One of Edward Thomas’s best and best-loved poems, characterised by his brooding, wistful intelligence, that always seems to be trying to bring into focus something half-glimpsed at the corner of the eye, that would give him a completeness he felt he lacked.
The child in the poem is Myfanwy, Thomas’s younger daughter. Born in 1910, Myfanwy survived into her nineties, dying in 2005. In 2000 I was asked by the Edward Thomas Fellowship to write a poem for her ninetieth birthday. Normally I don’t, or can’t, write to order, but as luck would have it I had a little earlier that year happened to call in at the Hampshire village of Steep, Edward’s onetime home, on the way back from a day out with my wife and daughter, and a poem on the subject had begun to form in my mind. The request gave me the jolt to finish and send it off, and in due course I received a letter from Myfanwy herself, expressing her appreciation. I remain moved to have had that living link with the poet I love most, one whom Ted Hughes called ‘the father of us all’, and I hope I may be indulged if I append my own poem as a sort of follow-on to Edward’s.
Old Man, or Lad’s-love, – in the name there’s nothing
To one that knows not Lad’s-love, or Old Man,
The hoar-green feathery herb, almost a tree,
Growing with rosemary and lavender.
Even to one that knows it well, the names
Half decorate, half perplex, the thing it is:
At least, what that is clings not to the names
In spite of time. And yet I like the names.
The herb itself I like not, but for certain
I love it, as some day the child will love it
Who plucks a feather from the door-side bush
Whenever she goes in or out of the house.
Often she waits there, snipping the tips and shrivelling
The shreds at last on to the path, perhaps
Thinking, perhaps of nothing, till she sniffs
Her fingers and runs off. The bush is still
But half as tall as she, though it is as old;
So well she clips it. Not a word she says;
And I can only wonder how much hereafter
She will remember, with that bitter scent,
Of garden rows, and ancient damson trees
Topping a hedge, a bent path to a door,
A low thick bush beside the door, and me
Forbidding her to pick.
As for myself,
Where first I met the bitter scent is lost.
I, too, often shrivel the grey shreds,
Sniff them and think and sniff again and try
Once more to think what it is I am remembering,
Always in vain. I cannot like the scent,
Yet I would rather give up others more sweet,
With no meaning, than this bitter one.
I have mislaid the key. I sniff the spray
And think of nothing; I see and I hear nothing;
Yet seem, too, to be listening, lying in wait
For what I should, yet never can, remember:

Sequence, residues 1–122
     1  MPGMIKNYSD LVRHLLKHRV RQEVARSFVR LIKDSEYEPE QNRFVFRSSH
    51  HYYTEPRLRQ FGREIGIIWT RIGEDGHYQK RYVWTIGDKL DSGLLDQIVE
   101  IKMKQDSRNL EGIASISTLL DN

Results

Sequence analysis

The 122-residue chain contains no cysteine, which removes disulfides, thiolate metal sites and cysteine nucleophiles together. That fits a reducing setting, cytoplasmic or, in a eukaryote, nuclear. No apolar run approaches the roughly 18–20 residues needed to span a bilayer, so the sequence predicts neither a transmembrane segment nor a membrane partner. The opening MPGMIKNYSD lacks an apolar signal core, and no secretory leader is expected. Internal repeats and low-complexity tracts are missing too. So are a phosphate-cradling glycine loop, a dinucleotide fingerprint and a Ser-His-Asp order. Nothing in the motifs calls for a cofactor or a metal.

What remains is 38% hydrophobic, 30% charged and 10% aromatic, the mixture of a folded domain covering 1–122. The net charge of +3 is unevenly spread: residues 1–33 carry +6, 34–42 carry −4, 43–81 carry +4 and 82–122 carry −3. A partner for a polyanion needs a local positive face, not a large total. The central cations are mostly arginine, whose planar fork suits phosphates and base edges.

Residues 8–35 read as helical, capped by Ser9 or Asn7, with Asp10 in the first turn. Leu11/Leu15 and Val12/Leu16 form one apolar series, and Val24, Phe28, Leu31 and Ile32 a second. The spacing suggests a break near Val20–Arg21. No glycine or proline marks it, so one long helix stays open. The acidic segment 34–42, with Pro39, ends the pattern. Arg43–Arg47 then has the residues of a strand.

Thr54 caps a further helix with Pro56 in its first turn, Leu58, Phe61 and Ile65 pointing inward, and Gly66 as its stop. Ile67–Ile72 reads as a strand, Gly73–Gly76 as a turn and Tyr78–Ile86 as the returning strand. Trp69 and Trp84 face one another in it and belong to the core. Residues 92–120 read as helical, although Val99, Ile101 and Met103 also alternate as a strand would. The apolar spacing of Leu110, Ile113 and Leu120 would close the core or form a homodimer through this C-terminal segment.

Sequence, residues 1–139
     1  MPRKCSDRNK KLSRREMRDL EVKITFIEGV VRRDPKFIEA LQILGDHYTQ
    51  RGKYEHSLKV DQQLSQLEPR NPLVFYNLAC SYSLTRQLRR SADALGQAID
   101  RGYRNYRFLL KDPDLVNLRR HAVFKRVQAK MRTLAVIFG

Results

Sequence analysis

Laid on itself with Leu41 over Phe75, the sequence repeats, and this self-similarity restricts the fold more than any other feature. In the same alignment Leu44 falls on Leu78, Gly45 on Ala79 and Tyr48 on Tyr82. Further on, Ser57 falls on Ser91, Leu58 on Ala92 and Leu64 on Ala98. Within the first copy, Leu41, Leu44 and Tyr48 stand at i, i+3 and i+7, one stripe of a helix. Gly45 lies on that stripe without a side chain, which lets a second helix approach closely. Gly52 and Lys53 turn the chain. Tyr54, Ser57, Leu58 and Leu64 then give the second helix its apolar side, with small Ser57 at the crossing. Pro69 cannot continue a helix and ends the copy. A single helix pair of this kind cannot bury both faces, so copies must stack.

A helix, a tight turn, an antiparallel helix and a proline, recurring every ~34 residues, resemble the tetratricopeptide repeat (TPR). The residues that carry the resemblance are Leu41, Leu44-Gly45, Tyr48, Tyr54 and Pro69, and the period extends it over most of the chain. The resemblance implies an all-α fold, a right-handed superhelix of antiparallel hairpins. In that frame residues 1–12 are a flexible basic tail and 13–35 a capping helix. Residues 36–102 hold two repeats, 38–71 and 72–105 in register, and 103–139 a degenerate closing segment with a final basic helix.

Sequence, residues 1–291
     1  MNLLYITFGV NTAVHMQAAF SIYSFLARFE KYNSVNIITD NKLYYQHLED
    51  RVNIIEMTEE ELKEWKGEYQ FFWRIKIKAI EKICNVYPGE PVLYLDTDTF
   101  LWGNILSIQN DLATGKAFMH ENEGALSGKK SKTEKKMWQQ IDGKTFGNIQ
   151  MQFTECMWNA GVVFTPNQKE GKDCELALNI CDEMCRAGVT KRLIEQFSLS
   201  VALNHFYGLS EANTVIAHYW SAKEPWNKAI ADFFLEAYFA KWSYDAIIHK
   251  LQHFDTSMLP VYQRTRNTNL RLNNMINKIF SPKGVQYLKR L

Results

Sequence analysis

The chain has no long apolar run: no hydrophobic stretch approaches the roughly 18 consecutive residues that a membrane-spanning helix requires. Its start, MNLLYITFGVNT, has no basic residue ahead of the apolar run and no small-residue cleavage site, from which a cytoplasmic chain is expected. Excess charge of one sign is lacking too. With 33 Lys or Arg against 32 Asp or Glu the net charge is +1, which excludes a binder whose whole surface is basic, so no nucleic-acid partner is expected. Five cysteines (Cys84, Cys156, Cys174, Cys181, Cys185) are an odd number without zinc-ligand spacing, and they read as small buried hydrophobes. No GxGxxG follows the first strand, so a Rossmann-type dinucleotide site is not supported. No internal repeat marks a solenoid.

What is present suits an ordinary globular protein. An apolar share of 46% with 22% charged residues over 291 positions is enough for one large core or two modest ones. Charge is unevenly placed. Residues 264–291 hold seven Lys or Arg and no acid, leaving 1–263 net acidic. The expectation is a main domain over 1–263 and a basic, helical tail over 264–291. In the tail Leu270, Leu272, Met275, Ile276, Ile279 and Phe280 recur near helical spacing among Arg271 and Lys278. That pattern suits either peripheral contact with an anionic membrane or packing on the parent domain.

No garden appears, no path, no hoar-green bush
Of Lad’s-love, or Old Man, no child beside,
Neither father nor mother, nor any playmate;
Only an avenue, dark, nameless, without end.
At Steep (for Myfanwy Thomas on her 90th birthday)
Driving home through Hampshire with my daughter
I see a sign that beckons like a legend
Though on plain earth, and so it is we come
In April twilight, clearing after rain,
Like pilgrim ghosts your childhood might have seen
Out of its unimaginable future,
Up Stoner Hill and round by Cockshott Lane,
To find, through trees and down a root-stepped path,
Your father’s boulder, set there on the slope.
My daughter runs ahead of me, downhill
Past dim white cherries, cowslips, violets,
Mildly curious, but wanting tea.
‘Who was Edward Thomas anyway?’
I say ‘A poet.’ ‘Oh.’ My daughter’s twelve,
Likes judo, dancing, being with her friends.
Poems are the things that daft Dads write
Light-years away from coolness.
‘Was he good?’
So short a question. And so long an answer
If truth were served: as long, say, as long years
Of looking, loving, waiting.
‘He was good.’
I take her photograph beside the stone.
‘Can we go back now?’ Yes, my love, we can.
To keep the covenant was all I wanted.
You see, this is our obscure faith, our trust,
Whether we live or die too soon, unknowing,
That somewhere in the private rooms of time
Others will read for love alone the words
We wrote for love, alone.
And deeper still
There is another covenant we keep:
Let our words be forgotten, let our lives
Fade utterly, but not these: let there be
Always an April evening, woods, a thrush
Singing and a child, always a child,
A daughter, maybe, finding violets
Or standing in the twilight by a path,
Plucking a bush, with one to see her there
Apart, in all a child’s grave otherness,
And love her.
‘Can we get chips?’ We get chips.
Note: ‘Your father’s boulder…’ On the hillside above Steep called Mutton Hill there is set in memory of Edward a sarsen boulder bearing a simple plaque, the best of poet’s memorials, and here you can stand looking out over fields and coppices whose names he would have known, hearing as he once heard the wind in the trees and watching the sunlight come and go on the rim of the downs.